Even though the Court’s decision in Windsor didn’t say anything about whether states can ban same-sex marriages, lower courts around the country quickly began to rely on it to strike down bans in five different states.  By the time the Justices returned from their summer recess, those states had filed briefs (known as “petitions”) asking the Court to weigh in.  To the surprise of many, the Court turned them down, without any explanation.  This meant not only that the bans in those five states were unenforceable, but also that similar bans in other states fell, because the lower courts’ reasoning extended to other states in the same geographic area.

In the weeks that followed, thousands of same-sex marriage ceremonies took place around the country.  And in early November, the federal court that hears appeals from Tennessee, Michigan, Ohio, and Kentucky upheld those states’ same-sex marriage bans against the challenges by Obergefell, DeBoer, Rowse, DeKoe, Kostura, and others.  That court held that courts should not “resolve new social issues like this one”; instead, the debate should be resolved through the democratic process.

The plaintiffs asked the Justices to review their case, which they agreed to do in mid-January.  For two-and-a-half hours tomorrow, the Justices will hear oral arguments on two questions.  The first is what most people refer to as the “marriage question” – whether states can ban same-sex marriage.  The second is the “recognition question” – whether states like Ohio can refuse to recognize the marriages of same-sex couples, like Jim Obergefell and John Arthur, who were legally married in another state.

Most of what you need to know about the plaintiffs’ arguments can be summarized with the term that they prefer to use to describe the same-sex-marriage movement more broadly:  “marriage equality.”  The plaintiffs emphasize that they are not asking the Court to create a new constitutional right to same-sex marriage.  Instead, they explain, the Court has long made clear that marriage is a fundamental right, and they are merely seeking equal access to that right.  But even if that’s not the case, they add, the Court’s decision in the Windsor case means that states can’t exclude same-sex couples from the dignity, rights, and benefits created by marriage just because they disapprove of them.  Moreover, the laws that prohibit a state from recognizing same-sex marriages that were conducted legally in another state are, the plaintiffs contend, “disrespectful” of those states and their decisions to allow same-sex couples to marry.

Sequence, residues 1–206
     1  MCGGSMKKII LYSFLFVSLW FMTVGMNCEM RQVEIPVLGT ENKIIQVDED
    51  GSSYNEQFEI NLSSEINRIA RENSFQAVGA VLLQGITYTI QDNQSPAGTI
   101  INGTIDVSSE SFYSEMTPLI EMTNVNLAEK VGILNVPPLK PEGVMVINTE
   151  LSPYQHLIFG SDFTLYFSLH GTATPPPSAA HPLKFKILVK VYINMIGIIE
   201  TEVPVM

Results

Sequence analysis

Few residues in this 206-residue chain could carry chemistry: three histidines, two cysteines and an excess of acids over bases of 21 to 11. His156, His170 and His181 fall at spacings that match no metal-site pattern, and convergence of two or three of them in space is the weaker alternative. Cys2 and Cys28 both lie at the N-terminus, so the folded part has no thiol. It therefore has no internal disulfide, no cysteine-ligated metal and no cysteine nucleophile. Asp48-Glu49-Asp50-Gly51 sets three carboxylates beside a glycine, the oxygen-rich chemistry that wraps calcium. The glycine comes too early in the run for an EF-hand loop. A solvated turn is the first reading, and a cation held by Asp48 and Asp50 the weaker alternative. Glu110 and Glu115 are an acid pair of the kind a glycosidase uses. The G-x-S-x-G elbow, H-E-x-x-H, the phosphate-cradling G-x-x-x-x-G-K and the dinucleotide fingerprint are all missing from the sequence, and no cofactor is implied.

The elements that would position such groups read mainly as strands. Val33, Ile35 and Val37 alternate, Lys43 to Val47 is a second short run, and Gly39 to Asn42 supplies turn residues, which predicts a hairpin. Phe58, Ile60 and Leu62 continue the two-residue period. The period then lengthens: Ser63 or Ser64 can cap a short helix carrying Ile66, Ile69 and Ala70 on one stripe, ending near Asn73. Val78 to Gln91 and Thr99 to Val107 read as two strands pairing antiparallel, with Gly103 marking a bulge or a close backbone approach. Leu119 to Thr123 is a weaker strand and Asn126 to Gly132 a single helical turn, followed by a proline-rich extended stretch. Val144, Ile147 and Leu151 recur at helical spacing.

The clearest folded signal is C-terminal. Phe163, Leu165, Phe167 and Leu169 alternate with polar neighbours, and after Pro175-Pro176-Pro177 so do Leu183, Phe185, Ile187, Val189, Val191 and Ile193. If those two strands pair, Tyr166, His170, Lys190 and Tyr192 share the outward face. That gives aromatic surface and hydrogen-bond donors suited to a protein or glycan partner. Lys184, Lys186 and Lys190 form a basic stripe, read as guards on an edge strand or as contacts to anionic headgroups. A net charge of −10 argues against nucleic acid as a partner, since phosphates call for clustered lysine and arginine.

The plaintiffs seek to cast doubt on some of the rationales on which the states rely to defend their bans.  Courts should not, they contend, simply step back and allow the democratic process to unfold.  Issues like same-sex marriage, they emphasize, are precisely why we have a Constitution in the first place – because some questions are too important to be left to majority rule.  Similarly, there is no reason to move cautiously on an issue like same-sex marriage; the same arguments were made and rejected in challenges to segregation and bans on interracial marriage.

During the oral arguments two years ago in the challenge to California’s ban on same-sex marriage, Justice Anthony Kennedy famously wondered out loud about the children of same-sex couples.  Are they harmed by their parents’ inability to marry – or, alternatively, does having same-sex parents somehow adversely affect those couples’ children?  With those comments clearly in mind, the plaintiffs and their supporters argue that children of same-sex couples are harmed if their parents aren’t married.  And, they contend, there is no reason to believe either that same-sex couples aren’t good parents or that having same-sex parents has a negative effect on a child.

* * *

In my next installment, I will discuss the arguments made by the states and their supporters to defend the bans on same-sex marriage and the recognition of such marriages.

Recommended Citation: Amy Howe, Same-sex marriage, in Plain English — Part I, SCOTUSblog (Apr. 27, 2015, 7:44 PM),